The Neuroception of Threat vs. Safety
Neuroception is a term that describes how our nervous system distinguishes whether situations or people are safe or threatening. This is done completely on an unconscious level in the primitive part of the brain. Our brains are wired to constantly take in information about our environment and make a decision about whether we are safe or not.
Intense or extreme behavior is usually related to a child’s perception of threat or safety. It doesn’t matter whether the threat is real or not; it can trigger a stress response. Anything in your child’s environment, no matter how uneventful or nonthreatening it may seem, can trigger angry or violent behavior if his nervous system perceives a threat. Keep in mind that your child could be triggered into a stress response about something traumatic that happened a long time ago. Again, it’s important to realize that these triggers are unique to each child and it can take a bit of deep digging to uncover what triggers your child.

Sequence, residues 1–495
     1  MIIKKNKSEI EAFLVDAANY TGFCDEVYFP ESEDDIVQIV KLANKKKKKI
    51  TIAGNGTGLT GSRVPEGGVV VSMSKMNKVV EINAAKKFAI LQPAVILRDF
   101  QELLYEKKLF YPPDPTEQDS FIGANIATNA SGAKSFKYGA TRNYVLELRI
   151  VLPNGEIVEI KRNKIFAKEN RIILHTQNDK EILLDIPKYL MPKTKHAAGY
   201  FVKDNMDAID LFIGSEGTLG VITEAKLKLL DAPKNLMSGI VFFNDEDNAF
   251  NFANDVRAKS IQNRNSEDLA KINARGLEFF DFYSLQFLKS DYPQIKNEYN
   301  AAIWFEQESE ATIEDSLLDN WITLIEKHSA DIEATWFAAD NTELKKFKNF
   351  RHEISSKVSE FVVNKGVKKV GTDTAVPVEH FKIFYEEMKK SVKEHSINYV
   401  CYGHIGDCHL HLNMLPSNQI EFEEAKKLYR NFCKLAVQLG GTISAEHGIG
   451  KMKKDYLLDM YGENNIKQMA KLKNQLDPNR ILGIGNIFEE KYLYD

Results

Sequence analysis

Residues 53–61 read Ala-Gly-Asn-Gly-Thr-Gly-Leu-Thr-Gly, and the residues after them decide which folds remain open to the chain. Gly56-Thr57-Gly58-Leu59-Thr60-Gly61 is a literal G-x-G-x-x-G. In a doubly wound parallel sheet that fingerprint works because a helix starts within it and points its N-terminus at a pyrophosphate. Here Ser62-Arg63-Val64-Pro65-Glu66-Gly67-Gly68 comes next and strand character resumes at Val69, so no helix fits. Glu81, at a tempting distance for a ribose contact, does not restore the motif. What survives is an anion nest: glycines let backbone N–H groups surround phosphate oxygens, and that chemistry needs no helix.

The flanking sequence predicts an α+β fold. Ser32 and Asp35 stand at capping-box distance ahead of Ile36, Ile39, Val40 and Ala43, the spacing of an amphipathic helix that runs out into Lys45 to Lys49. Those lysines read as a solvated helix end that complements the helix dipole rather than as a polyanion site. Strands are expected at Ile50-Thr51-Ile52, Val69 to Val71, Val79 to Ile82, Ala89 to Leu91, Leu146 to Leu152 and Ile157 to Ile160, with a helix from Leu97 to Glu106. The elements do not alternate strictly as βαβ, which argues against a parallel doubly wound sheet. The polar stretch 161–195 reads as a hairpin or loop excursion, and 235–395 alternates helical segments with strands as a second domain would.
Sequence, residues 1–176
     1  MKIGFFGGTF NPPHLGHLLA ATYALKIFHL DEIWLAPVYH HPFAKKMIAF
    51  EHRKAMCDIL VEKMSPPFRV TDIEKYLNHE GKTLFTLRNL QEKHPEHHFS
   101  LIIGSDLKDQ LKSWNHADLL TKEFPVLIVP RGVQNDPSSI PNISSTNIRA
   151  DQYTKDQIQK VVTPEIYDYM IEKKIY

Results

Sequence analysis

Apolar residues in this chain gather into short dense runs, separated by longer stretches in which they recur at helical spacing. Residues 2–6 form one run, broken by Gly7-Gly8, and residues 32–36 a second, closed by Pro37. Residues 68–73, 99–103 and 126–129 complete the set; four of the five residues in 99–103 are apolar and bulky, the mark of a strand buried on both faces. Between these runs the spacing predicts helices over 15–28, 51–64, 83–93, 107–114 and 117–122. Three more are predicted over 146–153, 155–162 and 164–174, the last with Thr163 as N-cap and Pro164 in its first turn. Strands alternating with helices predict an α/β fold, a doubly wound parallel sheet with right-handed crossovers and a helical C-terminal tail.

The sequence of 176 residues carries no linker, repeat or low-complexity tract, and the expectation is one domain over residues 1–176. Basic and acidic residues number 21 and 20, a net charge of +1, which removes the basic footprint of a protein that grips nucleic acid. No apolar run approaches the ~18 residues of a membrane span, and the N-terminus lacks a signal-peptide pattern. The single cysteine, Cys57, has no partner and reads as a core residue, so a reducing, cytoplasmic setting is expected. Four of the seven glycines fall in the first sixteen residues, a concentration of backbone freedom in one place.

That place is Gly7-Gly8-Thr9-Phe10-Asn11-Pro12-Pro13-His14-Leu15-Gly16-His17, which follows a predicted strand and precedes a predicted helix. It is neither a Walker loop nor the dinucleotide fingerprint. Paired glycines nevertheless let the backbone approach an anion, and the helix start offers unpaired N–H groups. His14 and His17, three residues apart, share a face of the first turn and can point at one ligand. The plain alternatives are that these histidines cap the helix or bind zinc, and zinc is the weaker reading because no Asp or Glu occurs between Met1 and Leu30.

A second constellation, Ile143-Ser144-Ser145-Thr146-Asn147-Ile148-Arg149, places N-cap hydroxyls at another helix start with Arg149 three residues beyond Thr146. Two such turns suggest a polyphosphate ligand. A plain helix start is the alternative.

Remember that the stress response is simply the brain dealing with a situation that feels potentially harmful to your child. It’s automatic and instantaneous and your child has no control over it in the moment that it is happening.
Suppressed trauma can be an underlying factor in intense behavior. A child with past trauma may perceive a threat and not feel safe and can easily go into a stress response at any time.
What is Trauma?
Trauma is a deeply distressing or disturbing experience that overwhelms the nervous system with stress and may exceed a person’s ability to cope. All disturbing life events have the potential to be traumatic to kids who have limited ability to cope.
Traumatic events need to be emotionally processed with a safe and trusted person. Depending on the severity of the trauma, it might take additional outside help to work through it.